This list is woefully underinclusive. Other records which may reveal competent evidence of mental retardation include school records, DHS records, medical records of all types (not just mental health evaluation and treatment records), arrest or incident reports pertaining to offenses other than the one presently charged and many other records. As complete a picture as is possible should be made available to the experts at the earliest moment possible, to avoid sandbagging and to demonstrate where possible early manifestation of mental retardation. Also, these types of records could be useful to rebut a claim that the defendant is malingering or somehow attempting to manufacture retardation to avoid death.

Subsection 7(a) directs that "where practicable" the court shall hold a mental retardation hearing "prior to jury selection." This is an essential provision, and perhaps could be made even stronger. By requiring a mental retardation hearing to occur whenever practicable before jury selection, the legislature is avoiding a flurry of challenges which would doubtless be raised were the issue of mental retardation deferred until or combined with the sentencing stage of a capital trial.

Also, from a budget standpoint, it is prudent to learn as early as possible whether a death sentence is a possible outcome, given that death cases are routinely far more expensive than non-death cases, in large part because of the heightened due process which is provided in capital cases.

As noted above, though, the provision in subsection 7(a) which mandates that the judge shall make the determination regarding mental retardation is subject to constitutional challenge in light of the Supreme Court's decision in Ring v. Arizona. (Emphasis added.)

Subsection 8(a) assigns a burden on the defendant claiming retardation of "preponderance of the evidence." Although an argument could be made that a since a defendant's retardation make him ineligible for death, the prosecution should be required to establish his death eligibility (as being not retarded) by the same standard used to establish aggravators which make a defendant death eligible: proof beyond a reasonable doubt.

It may be, though, that the preponderance burden placed on defendants is a constitutionally sound standard in light of Cooper v. Oklahoma, in which the Supreme Court held that preponderance was the appropriate standard for deciding questions of competency to stand trial.

Even if requiring the defendant to raise the issue presents no constitutional problem, perhaps the statute could add that defense counsel who fail to investigate and raise the issue of mental retardation in an appropriate case are presumed to be ineffective under Utah's state constitution.

Subsection 9(b) provides that if the court does not find the defendant to be mentally retarded the defendant "may still present evidence of mental condition as a potential mitigating circumstance" during the capital sentencing hearing.

This is absolutely essential, consistent with Lockett v. Ohio (in capital case, defendant may not be prevented from arguing anything related to character, record, or circumstances of the offense as a basis for a sentence less than death), and will save Utah lots of time and money spent litigating claims of Lockett error that would otherwise be raised.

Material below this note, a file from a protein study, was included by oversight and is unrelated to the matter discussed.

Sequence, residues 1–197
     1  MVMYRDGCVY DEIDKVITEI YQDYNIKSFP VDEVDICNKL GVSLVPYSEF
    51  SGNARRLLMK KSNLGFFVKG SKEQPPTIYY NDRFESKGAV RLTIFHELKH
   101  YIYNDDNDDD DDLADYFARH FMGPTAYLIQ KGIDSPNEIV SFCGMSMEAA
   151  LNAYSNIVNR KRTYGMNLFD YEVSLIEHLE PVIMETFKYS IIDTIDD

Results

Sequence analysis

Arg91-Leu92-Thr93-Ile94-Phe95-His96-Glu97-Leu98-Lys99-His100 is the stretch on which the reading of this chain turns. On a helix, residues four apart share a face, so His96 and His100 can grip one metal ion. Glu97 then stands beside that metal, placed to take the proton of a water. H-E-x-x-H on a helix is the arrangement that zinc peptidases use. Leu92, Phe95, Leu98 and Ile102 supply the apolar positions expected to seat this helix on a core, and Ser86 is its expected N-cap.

Section 77-15a-5. Defendant's willful failure to cooperate - Expert testimony regarding retardation is barred.

Subsection 2 raises serious constitutional problems. The Supreme Court in Atkins has created an absolute prohibition against executing persons determined to be mentally retarded. As we read Atkins, we doubt whether the Eighth Amendment prohibition can be waived. Although the Supreme Court may prove me wrong, and although Utah doubtless wants to prevent smarmy defense counsel from sandbagging on mental retardation, gambling on getting a sentence other than death, losing that battle, then raising the issue to require a new sentencing hearing, some other procedure is advisable. Perhaps determinations of mental retardation can be made without the defendant's cooperation. We're at a loss as to how to address this problem, but we have serious reservations that Utah's provision will survive constitutional challenge. Perhaps the answer is that sandbagging counsel will likely be found to have been ineffective, since prejudice (failing to demonstrate retardation where it exists makes an ineligible defendant eligible for death) can easily be demonstrated.

Section 77-15a-6. Limitations on admitting mental retardation examination evidence.

This section prudently prevents the defendant's statements and fruits of the defendant's statements revealed during the mental retardation examination from being admitted at trial. If properly enforced, this provision should eliminate sticky Miranda claims, and avoid the appearance of the state taking advantage of a defendant's mental weakness to gather evidence of guilt under the guise of a mental retardation evaluation.


The more procedural protections Utah provides at the very beginning of the capital trial process, the more likely it is that Utah's death sentences will withstand constitutional scrutiny. Even though Utah's proposed bill has serious flaws identified above, it also has incorporated constitutionally mandated protections which will save taxpayers enormous sums. If amended to address the concerns outlined above, the bill could serve both the cause of justice and the taxpayers of Utah equally well.

Very truly yours,

Randall Coyne
Professor of Law

Lyn Entzeroth
Professor of Law